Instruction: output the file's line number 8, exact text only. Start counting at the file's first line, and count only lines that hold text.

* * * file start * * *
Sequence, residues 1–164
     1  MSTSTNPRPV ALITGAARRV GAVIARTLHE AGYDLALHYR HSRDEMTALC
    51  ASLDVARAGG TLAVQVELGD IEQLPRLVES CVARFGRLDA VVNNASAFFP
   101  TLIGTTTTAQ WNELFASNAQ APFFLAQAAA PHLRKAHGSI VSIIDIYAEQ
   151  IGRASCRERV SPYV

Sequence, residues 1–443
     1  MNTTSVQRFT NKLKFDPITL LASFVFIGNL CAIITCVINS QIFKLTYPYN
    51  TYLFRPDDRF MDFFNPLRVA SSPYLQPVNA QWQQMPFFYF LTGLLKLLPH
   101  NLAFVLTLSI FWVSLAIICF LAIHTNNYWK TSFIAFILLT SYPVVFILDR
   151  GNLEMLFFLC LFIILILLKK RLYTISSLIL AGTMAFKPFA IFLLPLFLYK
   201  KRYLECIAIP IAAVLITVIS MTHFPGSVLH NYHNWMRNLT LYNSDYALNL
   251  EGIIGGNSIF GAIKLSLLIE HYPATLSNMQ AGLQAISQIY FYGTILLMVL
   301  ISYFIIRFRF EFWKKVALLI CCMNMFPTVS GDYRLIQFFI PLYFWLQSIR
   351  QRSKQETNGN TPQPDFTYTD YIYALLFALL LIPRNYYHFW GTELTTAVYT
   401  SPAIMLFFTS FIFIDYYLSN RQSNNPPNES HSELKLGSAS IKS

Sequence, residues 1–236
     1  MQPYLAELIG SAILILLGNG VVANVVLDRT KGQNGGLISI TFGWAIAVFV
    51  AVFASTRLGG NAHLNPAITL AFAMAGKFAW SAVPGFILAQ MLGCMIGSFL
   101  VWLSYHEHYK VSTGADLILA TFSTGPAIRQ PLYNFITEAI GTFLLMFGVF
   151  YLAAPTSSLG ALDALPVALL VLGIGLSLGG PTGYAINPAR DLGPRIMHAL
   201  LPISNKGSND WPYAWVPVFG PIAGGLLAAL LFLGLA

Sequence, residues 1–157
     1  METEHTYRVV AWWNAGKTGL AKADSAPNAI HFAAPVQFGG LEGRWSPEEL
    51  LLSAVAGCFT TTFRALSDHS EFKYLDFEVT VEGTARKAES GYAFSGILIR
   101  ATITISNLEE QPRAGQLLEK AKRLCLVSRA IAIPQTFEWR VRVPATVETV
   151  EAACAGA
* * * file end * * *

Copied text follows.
    51  TYLFRPDDRF MDFFNPLRVA SSPYLQPVNA QWQQMPFFYF LTGLLKLLPH